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Conceptual art set out to challenge two key assumptions normally associated with art – the production of objects to look at and the act of contemplative looking itself. This accessible introduction explores the reasons why the new avant-garde that emerged in the 1960s and 1970s felt compelled to produce such critical work and examines the extent to which this movement may be regarded as the turning point between the modernist past of painting and the postmodernist present of the contemporary art world.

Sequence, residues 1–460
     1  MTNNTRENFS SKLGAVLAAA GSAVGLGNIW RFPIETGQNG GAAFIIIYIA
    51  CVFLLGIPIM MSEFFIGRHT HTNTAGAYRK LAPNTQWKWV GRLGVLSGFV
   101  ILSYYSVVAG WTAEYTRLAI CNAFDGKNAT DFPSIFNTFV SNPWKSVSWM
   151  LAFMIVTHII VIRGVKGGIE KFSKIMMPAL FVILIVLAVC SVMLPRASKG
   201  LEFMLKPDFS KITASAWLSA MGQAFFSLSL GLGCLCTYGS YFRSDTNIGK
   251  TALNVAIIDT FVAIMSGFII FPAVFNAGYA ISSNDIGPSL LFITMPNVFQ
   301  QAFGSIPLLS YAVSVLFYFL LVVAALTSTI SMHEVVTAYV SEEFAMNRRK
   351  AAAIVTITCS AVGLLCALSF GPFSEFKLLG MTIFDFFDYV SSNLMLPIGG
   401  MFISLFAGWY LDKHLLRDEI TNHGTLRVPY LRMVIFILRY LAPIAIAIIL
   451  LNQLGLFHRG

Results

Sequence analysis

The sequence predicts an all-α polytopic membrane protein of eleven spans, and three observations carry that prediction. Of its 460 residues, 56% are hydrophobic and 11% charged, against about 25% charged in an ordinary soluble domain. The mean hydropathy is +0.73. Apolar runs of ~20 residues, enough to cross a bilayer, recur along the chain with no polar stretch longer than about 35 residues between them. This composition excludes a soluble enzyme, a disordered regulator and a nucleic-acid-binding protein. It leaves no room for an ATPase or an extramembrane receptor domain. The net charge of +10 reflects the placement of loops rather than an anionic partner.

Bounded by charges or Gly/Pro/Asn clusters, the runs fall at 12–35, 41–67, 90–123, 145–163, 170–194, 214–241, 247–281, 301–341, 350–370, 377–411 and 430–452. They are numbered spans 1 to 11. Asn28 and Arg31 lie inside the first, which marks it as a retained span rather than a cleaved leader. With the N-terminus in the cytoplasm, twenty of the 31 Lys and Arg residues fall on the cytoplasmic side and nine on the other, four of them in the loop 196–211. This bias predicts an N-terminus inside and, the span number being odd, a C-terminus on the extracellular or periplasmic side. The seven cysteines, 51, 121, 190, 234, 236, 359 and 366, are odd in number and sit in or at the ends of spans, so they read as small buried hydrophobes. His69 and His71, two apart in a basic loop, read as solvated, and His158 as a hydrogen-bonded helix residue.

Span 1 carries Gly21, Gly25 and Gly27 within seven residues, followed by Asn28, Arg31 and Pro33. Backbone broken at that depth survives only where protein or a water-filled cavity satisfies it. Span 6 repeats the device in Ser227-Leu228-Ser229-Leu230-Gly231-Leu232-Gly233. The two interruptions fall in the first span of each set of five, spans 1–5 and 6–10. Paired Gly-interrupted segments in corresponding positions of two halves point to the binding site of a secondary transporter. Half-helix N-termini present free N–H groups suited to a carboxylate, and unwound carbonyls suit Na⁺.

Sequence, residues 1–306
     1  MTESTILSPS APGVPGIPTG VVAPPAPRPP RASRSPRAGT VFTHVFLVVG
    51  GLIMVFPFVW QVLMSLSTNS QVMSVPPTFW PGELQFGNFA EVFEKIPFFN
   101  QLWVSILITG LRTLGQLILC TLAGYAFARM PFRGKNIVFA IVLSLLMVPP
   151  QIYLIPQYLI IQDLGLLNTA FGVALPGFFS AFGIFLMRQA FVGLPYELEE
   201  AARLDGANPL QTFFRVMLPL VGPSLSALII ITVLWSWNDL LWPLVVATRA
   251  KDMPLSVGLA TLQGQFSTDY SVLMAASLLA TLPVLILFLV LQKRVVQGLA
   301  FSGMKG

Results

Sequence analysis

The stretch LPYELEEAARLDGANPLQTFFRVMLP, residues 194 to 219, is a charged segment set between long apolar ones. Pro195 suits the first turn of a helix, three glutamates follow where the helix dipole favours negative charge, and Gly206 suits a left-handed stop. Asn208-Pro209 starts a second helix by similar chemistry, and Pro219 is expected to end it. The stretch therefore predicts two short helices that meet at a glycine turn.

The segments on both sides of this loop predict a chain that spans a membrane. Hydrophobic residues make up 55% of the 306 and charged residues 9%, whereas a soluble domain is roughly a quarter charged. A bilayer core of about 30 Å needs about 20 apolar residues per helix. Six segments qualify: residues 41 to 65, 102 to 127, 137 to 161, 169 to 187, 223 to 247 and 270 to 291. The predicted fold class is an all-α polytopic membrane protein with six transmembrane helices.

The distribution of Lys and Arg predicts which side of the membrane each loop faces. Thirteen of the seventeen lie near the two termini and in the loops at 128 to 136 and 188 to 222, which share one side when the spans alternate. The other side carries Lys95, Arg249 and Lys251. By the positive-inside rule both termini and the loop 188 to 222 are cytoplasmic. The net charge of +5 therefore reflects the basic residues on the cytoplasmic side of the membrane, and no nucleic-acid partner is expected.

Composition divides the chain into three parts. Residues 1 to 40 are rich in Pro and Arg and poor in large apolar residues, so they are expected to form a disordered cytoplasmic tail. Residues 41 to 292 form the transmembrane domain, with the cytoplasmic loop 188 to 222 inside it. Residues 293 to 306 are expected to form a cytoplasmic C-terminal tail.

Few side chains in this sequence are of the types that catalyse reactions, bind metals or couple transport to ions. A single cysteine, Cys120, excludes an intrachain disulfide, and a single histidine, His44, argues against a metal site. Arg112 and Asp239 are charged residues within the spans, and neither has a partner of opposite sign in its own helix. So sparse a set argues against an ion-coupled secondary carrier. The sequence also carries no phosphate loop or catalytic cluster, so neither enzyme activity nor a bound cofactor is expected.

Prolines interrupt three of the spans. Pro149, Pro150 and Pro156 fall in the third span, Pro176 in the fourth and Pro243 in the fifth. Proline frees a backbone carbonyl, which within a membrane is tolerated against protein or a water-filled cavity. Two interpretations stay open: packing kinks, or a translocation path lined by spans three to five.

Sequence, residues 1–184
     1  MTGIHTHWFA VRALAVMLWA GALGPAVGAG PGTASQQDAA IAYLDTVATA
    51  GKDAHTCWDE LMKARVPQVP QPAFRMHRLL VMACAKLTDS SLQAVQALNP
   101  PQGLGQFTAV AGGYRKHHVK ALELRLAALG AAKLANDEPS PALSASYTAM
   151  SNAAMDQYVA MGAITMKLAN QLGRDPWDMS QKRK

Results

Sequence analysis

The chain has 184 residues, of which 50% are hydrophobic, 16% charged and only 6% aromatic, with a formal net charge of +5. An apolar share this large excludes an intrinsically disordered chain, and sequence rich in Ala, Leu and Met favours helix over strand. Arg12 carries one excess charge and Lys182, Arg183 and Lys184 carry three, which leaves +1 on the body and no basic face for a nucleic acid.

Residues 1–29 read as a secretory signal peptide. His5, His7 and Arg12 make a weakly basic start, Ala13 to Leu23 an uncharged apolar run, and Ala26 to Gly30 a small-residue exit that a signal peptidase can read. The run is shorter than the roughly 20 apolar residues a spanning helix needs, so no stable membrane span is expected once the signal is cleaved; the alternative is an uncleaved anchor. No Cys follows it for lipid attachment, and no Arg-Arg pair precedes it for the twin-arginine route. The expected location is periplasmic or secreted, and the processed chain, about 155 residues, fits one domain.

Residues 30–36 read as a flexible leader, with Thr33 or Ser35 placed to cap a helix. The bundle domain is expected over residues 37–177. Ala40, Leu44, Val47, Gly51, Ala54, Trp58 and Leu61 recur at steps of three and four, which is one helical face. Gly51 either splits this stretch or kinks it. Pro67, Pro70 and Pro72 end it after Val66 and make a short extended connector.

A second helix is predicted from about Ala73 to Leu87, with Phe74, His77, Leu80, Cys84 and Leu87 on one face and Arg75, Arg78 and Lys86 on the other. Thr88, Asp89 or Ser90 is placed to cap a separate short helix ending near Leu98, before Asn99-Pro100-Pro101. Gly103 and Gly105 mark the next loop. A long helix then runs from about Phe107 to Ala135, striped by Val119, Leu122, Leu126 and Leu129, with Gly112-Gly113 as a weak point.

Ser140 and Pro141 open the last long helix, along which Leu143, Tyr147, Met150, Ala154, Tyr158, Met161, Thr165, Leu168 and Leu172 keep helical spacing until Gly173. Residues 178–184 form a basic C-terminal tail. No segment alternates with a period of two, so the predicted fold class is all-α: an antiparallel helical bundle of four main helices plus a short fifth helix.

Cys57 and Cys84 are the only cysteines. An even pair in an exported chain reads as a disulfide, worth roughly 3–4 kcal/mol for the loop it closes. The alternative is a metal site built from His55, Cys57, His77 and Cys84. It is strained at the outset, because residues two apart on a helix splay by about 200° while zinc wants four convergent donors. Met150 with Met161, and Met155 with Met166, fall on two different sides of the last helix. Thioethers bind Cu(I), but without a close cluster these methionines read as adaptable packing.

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Conceptual art set out to challenge two key assumptions normally associated with art – the production of objects to look at and the act of contemplative looking itself. This accessible introduction explores the reasons why the new avant-garde that emerged in the 1960s and 1970s felt compelled to produce such critical work and examines the extent to which this movement may be regarded as the turning point between the modernist past of painting and the postmodernist present of the contemporary art world.The author traces the roots of Conceptual art in the anti-art practices of Marcel Duchamp, in Piero Manzoni’s parodies of art world values and in the activities of the Fluxus group. He then examines the way Conceptual artists both raised fundamental questions about artistic Modernism and turned to address wider social and political issues. In addition to discussions of American artists such as Dan Graham and Joseph Kosuth and the English group Art & Language, the author reviews the work of feminist artists, including Mary Kelly, the work of European figures such as Joseph Beuys and Daniel Buren, and work made outside Western Europe and North America by artists including Ilya. Kabakov, On Kawara and Cildo Meireles.

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